ArchivesFloor Jack | Car Lift Blog
Garage mechanics and home hobbyists who are looking for a top quality floor jack don’t need to look any further as we now carry the popular CompaC jacks. These jacks are truly top of the line. One look at them and you will see the obvious quality and attention to detail.
Now we already carry some fine hydraulic jacks from several different manufacturers such as AFF, Ranger, Zinko, Omega and Hein Werner, but in our opinion, these could be the very best we carry. They are manufactured in Denmark by a company that is known for quality. Europe has known their fine products for over 60 years, and now they are finally brought over to our shores so that USA customers can see for themselves the proven products that they offer.
Quick lift pedals, low profile saddles and U Joint release mechanisms are standard on most models. There’s a safety to prevent overloading, they have a high quality powder coat finish, and a comprehensive 3 year warranty.
These jacks have a very precise lowering mechanism, which assures it won’t come crashing down when you are lowering the car. Beyond that, they have models that are great for low profile sports cars, as well as extra high lifting, long frame jacks.
Plus, we are starting them out at some very low, introductory sale prices.
Check them out if you are an aficionado of only the best products.
We often receive calls from customers who need to raise their car to perform service on it and they will sometimes interchange the terms Car Lift and Car Jack. They mistakenly believe the two term mean the same thing. They do not mean the same thing.
A car lift raises the entire vehicle off the ground, meaning all four tires or wheels will be propped up off the ground. Car jacks raise the automobile one wheel at a time, or one axle at a time. If all four wheels are off the ground at the same time, there are greater service capabilities. Servicing the auto will also be much quicker as well on an auto lift. Jacks are more cumbersome to work with, and you won’t be able to raise the car as high as you would with a lift. Generally, the maximum lifting height for most floor jacks is in the range of 19 to 24 inches.
You will need to get on your back while working on a vehicle while using a floor jack. Using a creeper will make it easier, but not nearly as easy as when working on a car that is placed on a full rise auto lift. Some lifts only raise the vehicle 26 or 48 inches. These would primarily be used for wheel and brake work, and body work. Full rise lifts, like a two post lift, raise the car to a comfortable working height so that you can actually stand under it.
Reminder – You would always need to use jack stands when using a floor jack. Using a floor jack without a set of jack stands is taking a big risk for no reason. The amount of time it takes to set up a pair of jack stands is nothing compared with the potential hazard if not used.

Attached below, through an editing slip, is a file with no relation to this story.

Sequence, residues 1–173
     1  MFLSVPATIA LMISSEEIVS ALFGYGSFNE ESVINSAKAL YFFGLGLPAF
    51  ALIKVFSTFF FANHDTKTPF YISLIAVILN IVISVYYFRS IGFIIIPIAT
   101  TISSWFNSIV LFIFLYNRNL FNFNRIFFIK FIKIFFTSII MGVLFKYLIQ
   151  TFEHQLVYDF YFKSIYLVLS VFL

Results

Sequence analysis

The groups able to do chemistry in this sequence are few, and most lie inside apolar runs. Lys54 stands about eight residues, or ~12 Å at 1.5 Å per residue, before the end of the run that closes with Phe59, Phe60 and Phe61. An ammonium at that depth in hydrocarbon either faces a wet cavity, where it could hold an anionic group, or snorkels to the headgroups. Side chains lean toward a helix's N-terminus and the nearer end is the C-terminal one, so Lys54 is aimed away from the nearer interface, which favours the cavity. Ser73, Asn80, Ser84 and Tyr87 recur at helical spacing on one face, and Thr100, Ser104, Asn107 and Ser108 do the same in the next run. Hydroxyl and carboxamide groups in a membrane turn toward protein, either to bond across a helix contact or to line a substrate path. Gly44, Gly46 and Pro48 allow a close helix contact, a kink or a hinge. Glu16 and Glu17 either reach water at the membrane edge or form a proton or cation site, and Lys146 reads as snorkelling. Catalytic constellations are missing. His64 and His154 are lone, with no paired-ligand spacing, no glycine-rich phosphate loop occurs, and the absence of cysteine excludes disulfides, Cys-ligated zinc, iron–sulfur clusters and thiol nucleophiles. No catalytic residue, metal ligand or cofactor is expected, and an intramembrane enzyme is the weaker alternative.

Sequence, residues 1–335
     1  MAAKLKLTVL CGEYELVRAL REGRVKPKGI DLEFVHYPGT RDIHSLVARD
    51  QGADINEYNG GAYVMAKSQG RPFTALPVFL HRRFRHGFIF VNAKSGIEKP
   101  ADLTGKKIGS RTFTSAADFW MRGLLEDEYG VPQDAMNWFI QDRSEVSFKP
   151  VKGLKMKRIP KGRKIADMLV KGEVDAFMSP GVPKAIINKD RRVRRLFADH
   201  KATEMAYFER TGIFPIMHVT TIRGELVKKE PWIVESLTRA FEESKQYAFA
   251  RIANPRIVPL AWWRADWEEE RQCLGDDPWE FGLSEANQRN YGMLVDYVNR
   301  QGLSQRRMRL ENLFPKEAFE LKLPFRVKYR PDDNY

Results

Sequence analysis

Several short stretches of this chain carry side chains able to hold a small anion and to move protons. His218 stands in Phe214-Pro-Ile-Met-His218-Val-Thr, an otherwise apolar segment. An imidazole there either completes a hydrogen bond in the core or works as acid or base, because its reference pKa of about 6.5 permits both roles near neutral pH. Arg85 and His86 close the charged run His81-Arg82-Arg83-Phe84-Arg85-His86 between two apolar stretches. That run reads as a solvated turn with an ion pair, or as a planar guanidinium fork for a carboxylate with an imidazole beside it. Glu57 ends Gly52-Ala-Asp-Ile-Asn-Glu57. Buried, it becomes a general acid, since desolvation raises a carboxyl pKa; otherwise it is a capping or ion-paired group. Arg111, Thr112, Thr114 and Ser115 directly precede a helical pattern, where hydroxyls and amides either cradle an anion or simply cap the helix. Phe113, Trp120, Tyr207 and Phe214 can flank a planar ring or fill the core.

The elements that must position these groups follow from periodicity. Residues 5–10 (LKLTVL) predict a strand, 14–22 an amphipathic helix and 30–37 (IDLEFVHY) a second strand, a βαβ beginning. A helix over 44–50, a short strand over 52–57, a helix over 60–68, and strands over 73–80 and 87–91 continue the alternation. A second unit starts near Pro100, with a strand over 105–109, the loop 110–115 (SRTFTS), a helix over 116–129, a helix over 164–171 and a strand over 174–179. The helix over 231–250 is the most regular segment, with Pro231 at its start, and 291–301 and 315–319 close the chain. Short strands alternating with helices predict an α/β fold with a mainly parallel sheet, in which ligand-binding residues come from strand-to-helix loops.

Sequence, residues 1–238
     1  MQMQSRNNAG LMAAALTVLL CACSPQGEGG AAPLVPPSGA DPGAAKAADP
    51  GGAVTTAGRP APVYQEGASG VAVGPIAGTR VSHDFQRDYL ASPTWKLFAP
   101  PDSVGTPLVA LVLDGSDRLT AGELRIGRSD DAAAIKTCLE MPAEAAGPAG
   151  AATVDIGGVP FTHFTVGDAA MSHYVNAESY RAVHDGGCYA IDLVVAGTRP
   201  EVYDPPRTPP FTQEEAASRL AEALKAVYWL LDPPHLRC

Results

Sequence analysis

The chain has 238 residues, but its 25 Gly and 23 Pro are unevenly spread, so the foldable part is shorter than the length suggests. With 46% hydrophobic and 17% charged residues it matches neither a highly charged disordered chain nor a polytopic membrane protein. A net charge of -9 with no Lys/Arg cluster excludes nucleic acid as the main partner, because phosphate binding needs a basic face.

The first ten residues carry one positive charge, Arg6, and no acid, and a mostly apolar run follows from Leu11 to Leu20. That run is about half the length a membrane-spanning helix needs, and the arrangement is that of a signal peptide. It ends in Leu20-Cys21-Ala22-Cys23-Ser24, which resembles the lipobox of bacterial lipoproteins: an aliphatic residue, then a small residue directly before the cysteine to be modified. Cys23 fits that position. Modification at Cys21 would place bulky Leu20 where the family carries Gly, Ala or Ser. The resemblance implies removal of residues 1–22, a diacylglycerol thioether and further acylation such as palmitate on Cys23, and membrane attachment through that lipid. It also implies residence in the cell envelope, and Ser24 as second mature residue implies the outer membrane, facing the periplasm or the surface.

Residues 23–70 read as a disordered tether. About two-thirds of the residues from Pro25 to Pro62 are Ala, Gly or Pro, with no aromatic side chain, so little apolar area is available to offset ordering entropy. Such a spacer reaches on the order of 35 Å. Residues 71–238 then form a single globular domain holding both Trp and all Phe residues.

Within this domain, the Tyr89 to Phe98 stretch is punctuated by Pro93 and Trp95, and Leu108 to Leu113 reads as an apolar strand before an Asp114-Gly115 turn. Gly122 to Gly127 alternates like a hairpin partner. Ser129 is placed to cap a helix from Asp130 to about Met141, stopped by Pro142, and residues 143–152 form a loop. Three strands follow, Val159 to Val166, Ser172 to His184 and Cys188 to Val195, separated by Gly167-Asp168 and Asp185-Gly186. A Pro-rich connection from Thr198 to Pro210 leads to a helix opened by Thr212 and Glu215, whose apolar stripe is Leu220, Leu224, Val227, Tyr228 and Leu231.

Many customers who call us never stop to ask us about the warranty of the product they are interested in. They will ask us about the features and specifications along with other factors. Of course the number one question as always is price. Some customers don’t seem to care if their Car Lift is made out of popsicle sticks as long as it’s cheap. We don’t understand that mentality. Especially if you’re the one standing under it.
In our eyes, one question that should near the top of the list is, “What’s the warranty”? There are many different types of warranties for many different types of automotive equipment. A typical floor jack should have a one year warranty at a minimum. Hopefully, the manufacturer is a reputable one and has service centers across the country and has a vast supply of parts. Many floor jacks these days are not rebuildable. As a rule, we carry only commercial quality products that are rebuildable. When your floor jack starts leaking hydraulic oil, you don’t want to have to throw it away when a simple set of $20 seals would make it good as new.
Air Compressors can have warranties that Range from one to five years. Read the warranty carefully. Many times it’s five years on the tank, and only one year on all the other components. Some of the larger manufacturers will have service centers nationwide so you can be assured that problems can be taken care of quickly.
Automotive Lifts can have a wide range of differing warranties. A lift warranty can run anywhere from 5 years (limited) to 1 year. Buyers should pay careful attention to the warranty. Does it include on-site service, (parts and labor) or parts only? Also, we’ve seen some manufacturers and distributors who’s warranty requires the customer to pay for shipping charges on any parts that need to be sent out during the warranty period. Who ever heard of such a thing?